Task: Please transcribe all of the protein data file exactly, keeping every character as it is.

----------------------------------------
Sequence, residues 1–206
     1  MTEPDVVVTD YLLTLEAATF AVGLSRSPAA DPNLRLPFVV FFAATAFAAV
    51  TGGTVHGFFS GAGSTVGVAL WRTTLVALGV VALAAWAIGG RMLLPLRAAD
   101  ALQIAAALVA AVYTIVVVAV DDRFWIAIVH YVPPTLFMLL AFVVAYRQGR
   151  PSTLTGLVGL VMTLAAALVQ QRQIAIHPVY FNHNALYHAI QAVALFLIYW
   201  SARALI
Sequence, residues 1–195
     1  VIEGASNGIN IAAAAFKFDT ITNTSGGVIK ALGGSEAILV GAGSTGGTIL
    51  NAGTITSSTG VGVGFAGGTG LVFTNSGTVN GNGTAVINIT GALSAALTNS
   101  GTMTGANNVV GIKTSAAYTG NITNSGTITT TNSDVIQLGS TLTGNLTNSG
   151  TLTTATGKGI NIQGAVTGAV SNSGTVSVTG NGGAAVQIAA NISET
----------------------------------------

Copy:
Sequence, residues 1–206
     1  MTEPDVVVTD YLLTLEAATF AVGLSRSPAA DPNLRLPFVV FFAATAFAAV
    51  TGGTVHGFFS GAGSTVGVAL WRTTLVALGV VALAAWAIGG RMLLPLRAAD
   101  ALQIAAALVA AVYTIVVVAV DDRFWIAIVH YVPPTLFMLL AFVVAYRQGR
   151  PSTLTGLVGL VMTLAAALVQ QRQIAIHPVY FNHNALYHAI QAVALFLIYW
   201  SARALI
Sequence, residues 1–195
     1  VIEGASNGIN IAAAAFKFDT ITNTSGGVIK ALGGSEAILV GAGSTGGTIL
    51  NAGTITSSTG VGVGFAGGTG LVFTNSGTVN GNGTAVINIT GALSAALTNS
   101  GTMTGANNVV GIKTSAAYTG NITNSGTITT TNSDVIQLGS TLTGNLTNSG
   151  TLTTATGKGI NIQGAVTGAV SNSGTVSVTG NGGAAVQIAA NISET